Drishtee is a company focusing on rural entrepreneurship development in India. According to Jyotsna, coordinator of talent acquisition, Drishtee operates as an “umbrella”. These include the Drishtee Skill Development Center; the Drishtee Foundation (NGO); the Drishtee Rural Apparel production (DRAP); and the Centre for Education and Entrepreneurship Program (CEEP), etc. New organizations are growing under this umbrella.
Drishtee has the strongest presence in Assam, Bihar and Uttar Pradesh, where most of the projects are located. These village kiosks are run under a franchising or partnership model with the goal to empower the local people.
Before my first day in the office I spoke with other interns and employees who shared the guest house with me. The diversity of the projects is represented by interns with different interests and training. Kyo-min, a Korean movie maker, is here to make a documentary about all of the projects under Drishtee. Teja, an MBA candidate, is working on a women’s empowerment project. The project I will be working on, Gharaunda, is a rural housing project which envisions a sustainable community environment to support rural housing implementation and expansion.
Since the 2008 Kosi Flood in Bihar, the Indian government has been trying to construct low-cost and resistant rural housing using eco-friendly materials, among which are bamboo and unbaked mud bricks. There is already one pilot house built up in the Saurath Village, Bihar using these two materials. I am following up on earlier intern research on bamboo. My job is to develop a business model for mud bricks to allow micro-franchising. It is not about specific design of the house but more about the line of production of mud bricks as a suitable construction material. To reach the final deliverable, I need to do research on the production technique, cost, environmental impact, and social acceptance. Among all of these topics, the cost and benefit of the model matters most for potential rural entrepreneurs; the environmental impact is more critical for attracting partnership.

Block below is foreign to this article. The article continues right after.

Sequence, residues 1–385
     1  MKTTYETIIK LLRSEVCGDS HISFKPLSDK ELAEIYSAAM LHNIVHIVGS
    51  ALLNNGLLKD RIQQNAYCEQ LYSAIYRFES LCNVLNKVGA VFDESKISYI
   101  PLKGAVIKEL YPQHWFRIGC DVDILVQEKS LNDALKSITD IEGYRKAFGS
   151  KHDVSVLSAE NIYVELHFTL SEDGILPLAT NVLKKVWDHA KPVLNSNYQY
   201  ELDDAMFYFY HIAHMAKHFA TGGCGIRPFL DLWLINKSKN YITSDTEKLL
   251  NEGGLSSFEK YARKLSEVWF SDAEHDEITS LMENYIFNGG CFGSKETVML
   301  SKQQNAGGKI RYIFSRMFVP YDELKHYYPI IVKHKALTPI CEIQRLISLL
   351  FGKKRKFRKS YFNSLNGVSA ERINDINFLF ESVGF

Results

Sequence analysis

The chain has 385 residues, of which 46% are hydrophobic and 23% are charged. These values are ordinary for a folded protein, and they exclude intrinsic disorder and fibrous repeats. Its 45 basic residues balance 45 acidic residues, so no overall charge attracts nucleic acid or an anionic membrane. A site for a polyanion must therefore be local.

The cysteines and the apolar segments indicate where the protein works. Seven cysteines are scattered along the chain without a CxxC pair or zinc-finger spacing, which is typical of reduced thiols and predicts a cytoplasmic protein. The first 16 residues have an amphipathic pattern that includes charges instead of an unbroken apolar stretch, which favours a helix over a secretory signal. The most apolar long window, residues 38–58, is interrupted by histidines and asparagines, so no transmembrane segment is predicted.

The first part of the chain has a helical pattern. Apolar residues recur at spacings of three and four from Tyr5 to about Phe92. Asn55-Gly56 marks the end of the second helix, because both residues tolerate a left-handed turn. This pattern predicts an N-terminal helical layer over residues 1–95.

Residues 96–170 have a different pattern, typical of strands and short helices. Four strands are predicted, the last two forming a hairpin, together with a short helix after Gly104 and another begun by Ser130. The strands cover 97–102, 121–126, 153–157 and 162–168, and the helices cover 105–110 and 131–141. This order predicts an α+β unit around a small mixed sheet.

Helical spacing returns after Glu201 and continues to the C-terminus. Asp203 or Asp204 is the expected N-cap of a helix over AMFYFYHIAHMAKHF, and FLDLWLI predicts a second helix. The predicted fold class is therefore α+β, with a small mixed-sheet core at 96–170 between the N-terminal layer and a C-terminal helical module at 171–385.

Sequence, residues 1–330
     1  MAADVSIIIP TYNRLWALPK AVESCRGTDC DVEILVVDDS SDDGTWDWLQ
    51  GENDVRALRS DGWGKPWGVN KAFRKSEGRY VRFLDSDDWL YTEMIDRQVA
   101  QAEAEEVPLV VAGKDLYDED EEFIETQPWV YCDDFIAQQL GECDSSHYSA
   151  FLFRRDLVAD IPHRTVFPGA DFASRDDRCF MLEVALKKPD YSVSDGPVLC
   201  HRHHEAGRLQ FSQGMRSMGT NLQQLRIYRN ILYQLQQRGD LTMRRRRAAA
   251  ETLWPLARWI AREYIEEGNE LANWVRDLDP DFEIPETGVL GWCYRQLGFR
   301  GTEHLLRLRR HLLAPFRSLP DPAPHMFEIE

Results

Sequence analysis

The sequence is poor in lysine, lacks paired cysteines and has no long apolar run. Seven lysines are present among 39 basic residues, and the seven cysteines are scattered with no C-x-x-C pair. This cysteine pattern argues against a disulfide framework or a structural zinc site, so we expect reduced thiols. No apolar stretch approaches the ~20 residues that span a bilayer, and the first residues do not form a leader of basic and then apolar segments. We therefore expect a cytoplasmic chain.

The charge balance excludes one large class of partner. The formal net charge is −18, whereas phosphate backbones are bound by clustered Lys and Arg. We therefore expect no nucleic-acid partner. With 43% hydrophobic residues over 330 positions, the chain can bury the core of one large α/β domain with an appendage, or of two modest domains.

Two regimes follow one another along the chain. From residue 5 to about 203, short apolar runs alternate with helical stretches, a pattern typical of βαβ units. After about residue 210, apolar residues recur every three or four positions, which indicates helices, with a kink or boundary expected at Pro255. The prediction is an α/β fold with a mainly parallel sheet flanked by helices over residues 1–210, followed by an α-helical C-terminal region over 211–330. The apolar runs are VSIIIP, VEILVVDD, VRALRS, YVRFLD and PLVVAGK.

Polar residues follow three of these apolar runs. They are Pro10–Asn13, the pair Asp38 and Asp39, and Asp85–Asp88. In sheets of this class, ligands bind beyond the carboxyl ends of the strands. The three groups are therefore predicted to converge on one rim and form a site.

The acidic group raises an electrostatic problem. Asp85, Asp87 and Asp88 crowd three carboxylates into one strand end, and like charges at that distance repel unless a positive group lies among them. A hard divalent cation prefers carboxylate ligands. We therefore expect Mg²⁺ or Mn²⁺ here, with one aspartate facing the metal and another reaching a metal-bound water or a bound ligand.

During the first week I conducted general research on mud bricks as a construction material. I researched geographic patterns, material performance and ways of production. However, I realized that the research on the material itself was not the main problem with this project. There has been no sign of participation in the mud brick making business or use of mud bricks as construction material among the villagers since the completion of the first pilot house in 2015 in Saurath.
Former interns conducted a survey on bamboo in Saurath, and discovered that people still preferred concrete and burnt bricks if they can afford them. Faced with this situation, I shifted my focus and wrote a report to reflect on the existing pilot project. I identified three main barriers for further expansion:
1. The villagers separation from the pilot project; 2.The high cost for the prototype; 3. Requirement of regular maintenance
Further, I proposed that any follow up research should serve to:
1. Reduce the cost for the prototype; 2. Promote social awareness of mud bricks as a construction material.
In terms of the first focus, I recommend that research should be conducted on improvement of existing techniques and innovation in the business model.
In terms of the social aspect, it can take years to change the perception of a new material in a relatively conservative rural setting. However, I also believe that once there is a first successful case in the village, resistance will be much lower for the next housing project. Moving forward from the first built prototype, it will be important to maximize the social effect of our work and to promote public awareness about the benefit and affordability of mud bricks housing.”